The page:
The Three States of Matter

  • Gas: molecules/atoms have enough energy to move freely

○ Particles so far apart from each other that intermolecular forces not considered

○ Indefinite shape and volume

  • Liquid: strong intermolecular forces and molecular motions

○ Particles are always in contact but have enough energy to slide past each other

○ Indefinite shape & definite volume

  • Solid: strongest intermolecular forces, but the molecular motions are minimal

○ Particles don’t have enough energy to move → always in contact and in fixed position

○ Definite shape and definite volume


  • Particles retain their chemical identity in all 3 states, but the volume, density, and interparticle distances are different

○ Ex: water is still water, but can be solid, liquid, or gas

  • Liquids & solids are incompressible (condensed state) & their density does not change with temperature

○ These similarities are due to the molecules being close together in solids and liquids; far apart in gases

The Liquid State

  • Liquids have low compressibility, lack of rigidity, and high density compared to gasses
  • Surface tension: tendency of molecules to be pulled from the surface to the interior of a liquid; resistance of a liquid to an increase in its surface area

○ Stronger InterMF = stronger surface tension b/c molecules resist being stretched/broken

  • Viscosity: a measure of a liquid’s resistance to flow
  • Capillary action: spontaneous rising of a liquid in a narrow tube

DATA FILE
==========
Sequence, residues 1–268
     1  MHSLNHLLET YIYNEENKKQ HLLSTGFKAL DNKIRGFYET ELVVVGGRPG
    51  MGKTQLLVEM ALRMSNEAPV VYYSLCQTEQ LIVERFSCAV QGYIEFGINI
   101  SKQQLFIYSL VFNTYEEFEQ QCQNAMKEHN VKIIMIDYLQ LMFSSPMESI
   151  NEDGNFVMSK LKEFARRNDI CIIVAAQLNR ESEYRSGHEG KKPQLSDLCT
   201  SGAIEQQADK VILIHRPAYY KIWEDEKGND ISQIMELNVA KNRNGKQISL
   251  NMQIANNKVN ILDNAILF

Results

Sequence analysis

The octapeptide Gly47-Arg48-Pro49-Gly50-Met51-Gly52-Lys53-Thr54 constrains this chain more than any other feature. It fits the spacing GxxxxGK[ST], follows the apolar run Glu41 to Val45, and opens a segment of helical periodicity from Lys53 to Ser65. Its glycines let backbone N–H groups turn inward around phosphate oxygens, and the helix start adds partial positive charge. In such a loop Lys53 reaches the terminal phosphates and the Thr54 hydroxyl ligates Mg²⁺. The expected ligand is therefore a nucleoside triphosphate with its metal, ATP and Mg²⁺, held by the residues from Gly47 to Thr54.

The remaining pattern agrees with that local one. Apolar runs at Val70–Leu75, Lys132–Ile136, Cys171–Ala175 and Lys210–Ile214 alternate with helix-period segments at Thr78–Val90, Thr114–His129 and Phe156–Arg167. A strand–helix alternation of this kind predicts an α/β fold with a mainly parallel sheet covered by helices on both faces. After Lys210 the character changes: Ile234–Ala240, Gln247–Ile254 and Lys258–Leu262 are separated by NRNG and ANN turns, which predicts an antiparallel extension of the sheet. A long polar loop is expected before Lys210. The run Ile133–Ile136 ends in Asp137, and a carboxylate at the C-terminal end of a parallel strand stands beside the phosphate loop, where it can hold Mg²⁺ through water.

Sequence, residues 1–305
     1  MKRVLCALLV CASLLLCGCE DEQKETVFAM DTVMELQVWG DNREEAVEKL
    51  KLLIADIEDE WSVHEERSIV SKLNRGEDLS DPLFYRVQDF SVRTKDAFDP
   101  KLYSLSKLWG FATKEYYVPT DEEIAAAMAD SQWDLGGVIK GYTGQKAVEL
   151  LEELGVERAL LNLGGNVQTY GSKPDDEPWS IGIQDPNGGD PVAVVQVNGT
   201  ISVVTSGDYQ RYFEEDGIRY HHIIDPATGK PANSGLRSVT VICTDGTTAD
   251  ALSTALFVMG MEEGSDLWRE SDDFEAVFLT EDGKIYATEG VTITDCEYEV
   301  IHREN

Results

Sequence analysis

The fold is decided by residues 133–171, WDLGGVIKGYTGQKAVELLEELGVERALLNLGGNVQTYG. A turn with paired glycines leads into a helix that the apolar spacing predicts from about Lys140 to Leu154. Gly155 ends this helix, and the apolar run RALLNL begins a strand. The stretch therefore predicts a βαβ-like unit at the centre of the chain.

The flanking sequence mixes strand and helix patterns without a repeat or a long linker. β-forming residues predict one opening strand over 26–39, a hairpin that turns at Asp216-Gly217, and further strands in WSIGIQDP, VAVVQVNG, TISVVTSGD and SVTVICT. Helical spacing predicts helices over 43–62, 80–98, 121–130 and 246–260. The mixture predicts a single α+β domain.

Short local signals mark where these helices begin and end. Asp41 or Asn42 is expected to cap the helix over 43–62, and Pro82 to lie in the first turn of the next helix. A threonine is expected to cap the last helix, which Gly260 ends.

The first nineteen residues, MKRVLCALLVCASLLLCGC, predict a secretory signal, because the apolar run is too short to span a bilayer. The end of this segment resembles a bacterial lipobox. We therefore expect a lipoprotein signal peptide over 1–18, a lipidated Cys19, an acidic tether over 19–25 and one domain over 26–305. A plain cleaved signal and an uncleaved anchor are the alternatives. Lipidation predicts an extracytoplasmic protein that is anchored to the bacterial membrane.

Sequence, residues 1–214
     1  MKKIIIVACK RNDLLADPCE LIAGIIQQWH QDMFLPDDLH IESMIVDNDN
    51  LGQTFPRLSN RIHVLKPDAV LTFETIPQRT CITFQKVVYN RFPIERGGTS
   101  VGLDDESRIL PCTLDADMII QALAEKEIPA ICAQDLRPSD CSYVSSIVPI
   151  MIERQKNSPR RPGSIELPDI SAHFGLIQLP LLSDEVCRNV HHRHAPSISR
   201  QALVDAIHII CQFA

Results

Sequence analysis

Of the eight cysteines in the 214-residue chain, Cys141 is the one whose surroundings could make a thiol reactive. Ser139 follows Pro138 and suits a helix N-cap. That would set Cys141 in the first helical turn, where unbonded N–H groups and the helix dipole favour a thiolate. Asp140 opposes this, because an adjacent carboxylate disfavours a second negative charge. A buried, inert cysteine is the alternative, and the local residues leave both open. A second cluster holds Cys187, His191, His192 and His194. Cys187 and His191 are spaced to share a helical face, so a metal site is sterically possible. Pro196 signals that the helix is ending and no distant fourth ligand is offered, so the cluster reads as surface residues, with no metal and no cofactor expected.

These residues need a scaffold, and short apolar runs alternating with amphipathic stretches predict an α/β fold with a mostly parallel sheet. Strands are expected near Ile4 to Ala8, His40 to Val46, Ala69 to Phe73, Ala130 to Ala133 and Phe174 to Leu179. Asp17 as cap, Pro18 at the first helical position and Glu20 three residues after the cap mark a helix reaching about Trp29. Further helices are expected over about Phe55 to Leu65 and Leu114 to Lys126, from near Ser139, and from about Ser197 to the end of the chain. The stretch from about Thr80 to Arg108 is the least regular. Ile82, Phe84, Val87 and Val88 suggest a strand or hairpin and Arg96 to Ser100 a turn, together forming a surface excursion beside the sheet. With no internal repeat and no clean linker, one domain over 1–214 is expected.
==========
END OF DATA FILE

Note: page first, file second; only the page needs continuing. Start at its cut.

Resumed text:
○ Capillary action depends on the cohesive and adhesive forces present → during capillary action, the liquid molecules simultaneously adhere to the tubing while pulling each other up

Cohesive forces: intermolecular forces among the molecules of the liquid

  • Molecules attracted to same molecules

Adhesive forces: forces between the liquid molecules and their container

  • Molecules attracted to another type of molecule

Concave vs Convex Meniscus

Water has both strong adhesive and cohesive forces, but bcuz the adhesive forces are stronger water will have a concave meniscus (water is attracted to the glass)

Nonpolar liquids have stronger cohesive than adhesive forces (not attracted to glass) → convex meniscus

Changes of State

Phase Changes: when a substance changes from solid to liquid to gas

Changes of State Melting or Fusion
Solid → Liquid Melting (endo)
Liquid → Solid Freezing (exo)
Liquid → Gas Vaporization (endo)
Gas → Liquid Condensation (exo)
Gas → Solid Deposition (exo)
Solid → Gas Sublimation (endo)

Melting point: temp at which the substance goes from a solid to a liquid (or from a liquid to a solid)

      ○ The strength of the InterMF determines the temp at which these phase changes will occur

Boiling point: temp at which a substance goes from a liquid to a gas (or from a gas to a liquid)

Key Points

1. At a substance’s MP or BP, it is at equilibrium & the two phases can exist simultaneously

2. Phase changes involve changes in interMFs

3. Energy of phase changes: melting = freezing < vaporization = condensation

4. The temp of a substance does not change as the substance goes from one phase to another

       ● Only after all of the substance has changed phases does adding heat change the temp of the substance

Heat of fusion: The enthalpy change that occurs at the melting point when a solid melts
Heat of vaporization: The energy required to vaporize 1 mole of a liquid at a pressure of 1 atm